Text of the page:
Avenida Puente México #8250, Colonia Zona Centro, Baja
One of the most visible symptoms of the cultural shift that has been taking place in Tijuana over the past several years is the reclamation of former tourist dumps by businesses that now highlight Baja’s abundance of homegrown art and locally sourced gastronomy. La Faraona is a perfect example. Having celebrated their grand opening just over a month ago, this inspired wine bar is located on the walk of shame from Revolucíon to the pedestrian bridge, across from the Wax Museum, in a plaza historically reserved for disposable-trinket hawkers and lackluster taco shops.
“A recent thing here in Tijuana is that people really take pride in local, artisanal food and drinks,” says David Leon, who owns the bar with Oscar, Jorge, and Danielle Campos.
Accordingly, the quartet established La Faraona as a tasting room for Sol de Media Noche (Midnight Sun), a two-year-young winery in Valle de Guadalupe run by the Campos’ aunt, Lupita Cortes.
Priced at a palate-whetting $2.50/glass, $3.75/flight, or $12/bottle, the wine selection includes a white (peachy with a smooth finish) 50/50 cabernet/tempranillo and 70/30 cab/tempranillo.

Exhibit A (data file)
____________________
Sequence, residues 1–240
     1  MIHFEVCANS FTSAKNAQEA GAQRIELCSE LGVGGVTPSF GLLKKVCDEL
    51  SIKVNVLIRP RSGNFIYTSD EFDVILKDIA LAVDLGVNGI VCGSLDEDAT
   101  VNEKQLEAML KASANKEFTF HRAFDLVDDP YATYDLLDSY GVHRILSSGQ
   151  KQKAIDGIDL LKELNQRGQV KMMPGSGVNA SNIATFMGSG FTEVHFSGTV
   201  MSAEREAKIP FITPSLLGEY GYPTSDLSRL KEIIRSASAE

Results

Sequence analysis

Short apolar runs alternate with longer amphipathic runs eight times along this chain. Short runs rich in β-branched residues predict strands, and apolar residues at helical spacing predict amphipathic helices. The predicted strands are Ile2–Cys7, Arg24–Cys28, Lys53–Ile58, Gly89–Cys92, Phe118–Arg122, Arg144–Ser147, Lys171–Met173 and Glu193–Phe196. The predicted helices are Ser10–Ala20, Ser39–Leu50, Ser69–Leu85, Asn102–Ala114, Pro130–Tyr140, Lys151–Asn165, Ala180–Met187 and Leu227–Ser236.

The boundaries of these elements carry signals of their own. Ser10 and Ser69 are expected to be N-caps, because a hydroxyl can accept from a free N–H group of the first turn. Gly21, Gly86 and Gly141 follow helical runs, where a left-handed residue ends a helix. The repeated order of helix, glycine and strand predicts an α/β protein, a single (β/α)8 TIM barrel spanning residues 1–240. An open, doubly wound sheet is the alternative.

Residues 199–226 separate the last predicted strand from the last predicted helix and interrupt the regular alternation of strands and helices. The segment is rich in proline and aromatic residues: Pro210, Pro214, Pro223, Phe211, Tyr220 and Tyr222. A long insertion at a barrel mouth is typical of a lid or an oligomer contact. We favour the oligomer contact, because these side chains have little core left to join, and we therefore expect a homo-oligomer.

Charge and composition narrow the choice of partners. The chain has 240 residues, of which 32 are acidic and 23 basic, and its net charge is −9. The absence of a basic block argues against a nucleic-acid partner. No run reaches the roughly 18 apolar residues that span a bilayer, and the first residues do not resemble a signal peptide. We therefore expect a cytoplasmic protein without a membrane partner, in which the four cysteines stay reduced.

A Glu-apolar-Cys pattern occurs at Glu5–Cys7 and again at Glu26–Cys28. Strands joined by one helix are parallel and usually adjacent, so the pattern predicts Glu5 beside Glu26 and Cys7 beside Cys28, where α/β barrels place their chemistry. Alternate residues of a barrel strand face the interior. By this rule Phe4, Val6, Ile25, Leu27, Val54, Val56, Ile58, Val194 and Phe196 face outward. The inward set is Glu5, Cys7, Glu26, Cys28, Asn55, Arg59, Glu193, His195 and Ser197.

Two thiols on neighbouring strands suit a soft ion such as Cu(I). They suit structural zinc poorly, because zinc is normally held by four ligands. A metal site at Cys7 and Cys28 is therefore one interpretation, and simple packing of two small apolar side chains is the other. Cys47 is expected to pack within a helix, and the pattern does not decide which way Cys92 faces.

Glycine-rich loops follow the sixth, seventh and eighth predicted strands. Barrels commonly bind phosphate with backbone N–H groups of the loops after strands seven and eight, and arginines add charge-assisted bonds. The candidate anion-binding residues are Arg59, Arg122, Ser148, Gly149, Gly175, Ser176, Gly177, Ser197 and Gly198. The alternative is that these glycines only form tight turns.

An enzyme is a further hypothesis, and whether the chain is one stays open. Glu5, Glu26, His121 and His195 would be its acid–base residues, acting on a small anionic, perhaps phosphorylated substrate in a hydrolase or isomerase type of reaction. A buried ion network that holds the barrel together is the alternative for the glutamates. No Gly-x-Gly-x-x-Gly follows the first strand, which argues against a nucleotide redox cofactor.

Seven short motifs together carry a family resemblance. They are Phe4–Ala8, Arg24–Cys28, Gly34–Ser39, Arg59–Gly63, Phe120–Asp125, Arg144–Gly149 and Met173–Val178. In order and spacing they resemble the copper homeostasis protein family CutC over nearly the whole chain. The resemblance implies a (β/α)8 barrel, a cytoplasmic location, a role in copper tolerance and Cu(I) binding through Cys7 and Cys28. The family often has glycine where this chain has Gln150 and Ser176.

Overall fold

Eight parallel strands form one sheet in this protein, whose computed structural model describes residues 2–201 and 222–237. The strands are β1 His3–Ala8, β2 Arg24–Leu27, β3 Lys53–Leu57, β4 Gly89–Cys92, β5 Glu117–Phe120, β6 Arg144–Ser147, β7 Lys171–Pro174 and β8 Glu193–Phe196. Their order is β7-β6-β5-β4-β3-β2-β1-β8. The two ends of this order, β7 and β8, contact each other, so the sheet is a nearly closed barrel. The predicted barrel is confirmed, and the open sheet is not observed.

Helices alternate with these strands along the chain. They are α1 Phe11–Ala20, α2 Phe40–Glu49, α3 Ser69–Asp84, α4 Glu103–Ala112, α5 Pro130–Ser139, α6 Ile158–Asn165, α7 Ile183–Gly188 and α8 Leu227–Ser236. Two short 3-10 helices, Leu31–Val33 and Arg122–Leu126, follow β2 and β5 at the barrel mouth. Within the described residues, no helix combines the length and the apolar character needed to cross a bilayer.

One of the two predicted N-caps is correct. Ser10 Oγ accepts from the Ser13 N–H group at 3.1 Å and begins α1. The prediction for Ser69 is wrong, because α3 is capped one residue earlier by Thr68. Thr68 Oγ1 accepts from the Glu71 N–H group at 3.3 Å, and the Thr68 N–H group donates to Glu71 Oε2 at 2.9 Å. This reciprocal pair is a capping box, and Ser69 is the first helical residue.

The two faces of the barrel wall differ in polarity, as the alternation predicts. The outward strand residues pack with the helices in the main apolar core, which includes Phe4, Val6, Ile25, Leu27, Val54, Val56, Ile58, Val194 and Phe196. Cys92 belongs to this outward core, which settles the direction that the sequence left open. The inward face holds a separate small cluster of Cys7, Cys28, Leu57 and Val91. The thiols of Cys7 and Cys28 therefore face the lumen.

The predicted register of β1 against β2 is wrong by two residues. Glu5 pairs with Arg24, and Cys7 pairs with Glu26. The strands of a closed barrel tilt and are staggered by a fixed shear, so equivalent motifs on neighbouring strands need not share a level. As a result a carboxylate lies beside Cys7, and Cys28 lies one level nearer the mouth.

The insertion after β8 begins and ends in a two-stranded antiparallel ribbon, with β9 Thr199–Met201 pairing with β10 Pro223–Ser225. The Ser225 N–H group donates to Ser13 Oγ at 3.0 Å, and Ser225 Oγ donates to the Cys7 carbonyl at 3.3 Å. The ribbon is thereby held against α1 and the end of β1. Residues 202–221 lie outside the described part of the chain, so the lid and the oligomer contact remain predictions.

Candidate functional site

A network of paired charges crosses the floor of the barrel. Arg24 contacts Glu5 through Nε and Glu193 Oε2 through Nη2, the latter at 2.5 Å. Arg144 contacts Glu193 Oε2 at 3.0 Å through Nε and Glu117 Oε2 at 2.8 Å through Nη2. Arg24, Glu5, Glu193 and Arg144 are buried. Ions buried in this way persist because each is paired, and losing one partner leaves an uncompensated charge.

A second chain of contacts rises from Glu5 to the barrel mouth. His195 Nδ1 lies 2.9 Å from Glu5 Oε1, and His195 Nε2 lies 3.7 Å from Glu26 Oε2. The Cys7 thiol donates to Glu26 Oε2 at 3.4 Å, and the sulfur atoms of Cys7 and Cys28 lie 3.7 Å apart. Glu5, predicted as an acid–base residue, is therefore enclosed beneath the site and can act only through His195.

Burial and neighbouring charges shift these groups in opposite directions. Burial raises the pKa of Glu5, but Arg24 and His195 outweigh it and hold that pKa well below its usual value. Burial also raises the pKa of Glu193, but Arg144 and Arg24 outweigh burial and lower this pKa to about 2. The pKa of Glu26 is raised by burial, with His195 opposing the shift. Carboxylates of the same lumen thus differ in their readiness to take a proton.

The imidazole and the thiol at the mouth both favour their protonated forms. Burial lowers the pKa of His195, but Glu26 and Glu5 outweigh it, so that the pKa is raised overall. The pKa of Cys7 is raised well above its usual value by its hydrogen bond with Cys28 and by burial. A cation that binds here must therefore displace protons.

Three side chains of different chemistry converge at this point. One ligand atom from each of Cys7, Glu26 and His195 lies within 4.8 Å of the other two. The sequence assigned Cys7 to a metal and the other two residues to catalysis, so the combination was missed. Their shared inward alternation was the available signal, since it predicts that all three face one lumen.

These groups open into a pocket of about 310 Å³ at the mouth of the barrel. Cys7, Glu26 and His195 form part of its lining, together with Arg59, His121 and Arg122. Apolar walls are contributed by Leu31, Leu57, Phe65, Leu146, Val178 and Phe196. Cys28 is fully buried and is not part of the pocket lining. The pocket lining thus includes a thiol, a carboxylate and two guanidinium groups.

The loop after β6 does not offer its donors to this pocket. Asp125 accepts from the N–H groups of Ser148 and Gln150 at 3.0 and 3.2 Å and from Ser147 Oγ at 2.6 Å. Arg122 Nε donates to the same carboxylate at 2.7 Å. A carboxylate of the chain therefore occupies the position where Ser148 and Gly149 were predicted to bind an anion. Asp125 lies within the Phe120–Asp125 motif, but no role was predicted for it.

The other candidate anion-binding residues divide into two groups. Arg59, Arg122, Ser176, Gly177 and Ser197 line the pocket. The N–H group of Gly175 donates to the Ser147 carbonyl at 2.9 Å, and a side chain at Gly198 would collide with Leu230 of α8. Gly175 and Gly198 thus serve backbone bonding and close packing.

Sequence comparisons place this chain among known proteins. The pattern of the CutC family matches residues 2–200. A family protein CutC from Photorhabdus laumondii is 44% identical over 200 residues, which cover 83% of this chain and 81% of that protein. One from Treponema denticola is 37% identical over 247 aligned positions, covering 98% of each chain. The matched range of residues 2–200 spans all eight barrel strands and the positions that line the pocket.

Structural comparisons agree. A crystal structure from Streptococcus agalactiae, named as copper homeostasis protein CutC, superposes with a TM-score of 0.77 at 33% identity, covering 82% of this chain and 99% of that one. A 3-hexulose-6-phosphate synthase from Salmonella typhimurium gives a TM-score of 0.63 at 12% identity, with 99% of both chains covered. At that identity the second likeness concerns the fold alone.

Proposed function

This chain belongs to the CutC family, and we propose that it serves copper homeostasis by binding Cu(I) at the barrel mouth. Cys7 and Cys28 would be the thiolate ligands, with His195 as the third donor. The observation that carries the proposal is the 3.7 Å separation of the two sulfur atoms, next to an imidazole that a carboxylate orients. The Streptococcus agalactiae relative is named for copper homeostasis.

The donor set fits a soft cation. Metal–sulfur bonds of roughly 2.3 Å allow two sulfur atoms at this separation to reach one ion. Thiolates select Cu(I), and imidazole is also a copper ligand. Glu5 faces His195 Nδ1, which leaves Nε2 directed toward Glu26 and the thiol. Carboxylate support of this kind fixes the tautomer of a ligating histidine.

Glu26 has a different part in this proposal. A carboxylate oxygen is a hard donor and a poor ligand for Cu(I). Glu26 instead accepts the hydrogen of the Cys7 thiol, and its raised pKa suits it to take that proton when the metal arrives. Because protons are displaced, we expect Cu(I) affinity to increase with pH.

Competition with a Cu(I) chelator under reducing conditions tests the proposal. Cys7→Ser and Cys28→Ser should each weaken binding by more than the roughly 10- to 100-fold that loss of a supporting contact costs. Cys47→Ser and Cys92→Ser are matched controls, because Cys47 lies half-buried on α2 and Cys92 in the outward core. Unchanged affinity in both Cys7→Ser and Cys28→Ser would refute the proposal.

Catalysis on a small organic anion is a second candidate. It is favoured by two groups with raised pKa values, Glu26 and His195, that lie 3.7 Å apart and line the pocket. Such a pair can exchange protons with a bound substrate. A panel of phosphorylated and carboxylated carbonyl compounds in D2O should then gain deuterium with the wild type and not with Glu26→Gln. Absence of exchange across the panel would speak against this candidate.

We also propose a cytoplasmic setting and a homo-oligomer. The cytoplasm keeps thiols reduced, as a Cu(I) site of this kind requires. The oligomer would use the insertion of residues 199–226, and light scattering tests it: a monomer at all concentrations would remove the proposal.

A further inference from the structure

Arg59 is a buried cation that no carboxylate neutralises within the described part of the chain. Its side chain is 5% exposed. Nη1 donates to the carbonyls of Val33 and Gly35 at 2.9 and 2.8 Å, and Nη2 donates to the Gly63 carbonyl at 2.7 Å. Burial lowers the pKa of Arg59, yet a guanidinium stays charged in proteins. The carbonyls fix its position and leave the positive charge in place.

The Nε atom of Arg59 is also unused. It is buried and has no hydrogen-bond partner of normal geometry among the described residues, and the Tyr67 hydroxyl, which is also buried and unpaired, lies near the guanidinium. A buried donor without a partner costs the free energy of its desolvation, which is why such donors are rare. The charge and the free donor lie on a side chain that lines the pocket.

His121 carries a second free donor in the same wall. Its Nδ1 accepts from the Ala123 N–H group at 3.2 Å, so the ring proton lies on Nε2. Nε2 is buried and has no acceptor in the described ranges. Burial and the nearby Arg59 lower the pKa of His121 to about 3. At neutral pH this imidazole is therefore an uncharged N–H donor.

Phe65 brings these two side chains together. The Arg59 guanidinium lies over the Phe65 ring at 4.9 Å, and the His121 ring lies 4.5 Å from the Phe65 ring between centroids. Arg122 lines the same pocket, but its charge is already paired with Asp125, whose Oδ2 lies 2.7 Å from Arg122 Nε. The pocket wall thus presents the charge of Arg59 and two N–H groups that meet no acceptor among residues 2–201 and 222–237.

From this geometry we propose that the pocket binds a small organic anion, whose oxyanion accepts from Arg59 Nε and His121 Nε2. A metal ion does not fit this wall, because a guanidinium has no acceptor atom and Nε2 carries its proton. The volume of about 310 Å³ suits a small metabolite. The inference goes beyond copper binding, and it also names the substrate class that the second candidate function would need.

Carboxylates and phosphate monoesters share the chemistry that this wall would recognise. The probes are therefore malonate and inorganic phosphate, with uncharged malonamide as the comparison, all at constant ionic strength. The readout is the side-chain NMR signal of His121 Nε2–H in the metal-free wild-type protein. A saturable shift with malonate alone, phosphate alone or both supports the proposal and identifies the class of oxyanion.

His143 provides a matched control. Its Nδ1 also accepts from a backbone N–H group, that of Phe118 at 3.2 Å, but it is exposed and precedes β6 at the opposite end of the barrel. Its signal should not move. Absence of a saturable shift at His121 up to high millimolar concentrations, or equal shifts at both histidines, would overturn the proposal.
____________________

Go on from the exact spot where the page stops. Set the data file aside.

To accompany the vino, you can sample a local cheese spread for $5 or, better yet, a fresh-baked hogaza (~$6) — a French roll split open and filled with melted cheese, piled with pancetta or chorizo, and then topped with sun-dried tomato and cheeses marinated in olive oil.
“Oscar and I like to cook and experiment,” David says. “We wanted something like tapas, and we came up with the hogazas.”
Faraona’s walls are splattered with Tijuana artist Lizardo’s urban-surrealist murals depicting multicolored paints spewing from a Calle Sexta alleyway and a slice of hillside neighborhood Libertad tiptoeing on insectoid robot legs over the “Cardboardlandia” shacks that once populated the canal running through Zona Rio.
The bar shares its colorful space with Café Tiwan (coffee, Italian sodas, teas, sandwiches, etc.) and — get this — an upstairs micro-theater called “De Cuarto a Cuatro,” which puts on a series of five 15-minute performances Thursdays through Sundays from 8 to 11 p.m. ($12 for all five or $3 each). Each show accommodates 15 people in a standing-room-only theater.
To complete the experience, David says the bar is looking to round out their standard selection of Mexican beers with local craft suds and select batches of Oscar’s (a doctor by day) homebrews.
Imagine: a taste of Baja’s finest just a five-minute walk from the border.
- Price: Beer $2+, wine $2.50
- Hours: Tuesday–Wednesday and Sunday, 4–10 p.m.; Thursday–Saturday, 4–2 a.m.; closed mondays.
- Happy: Always
- Food: Until midnight Friday and Saturday; 9ish else
- Capacity: Sits about 50
- Cards: Sí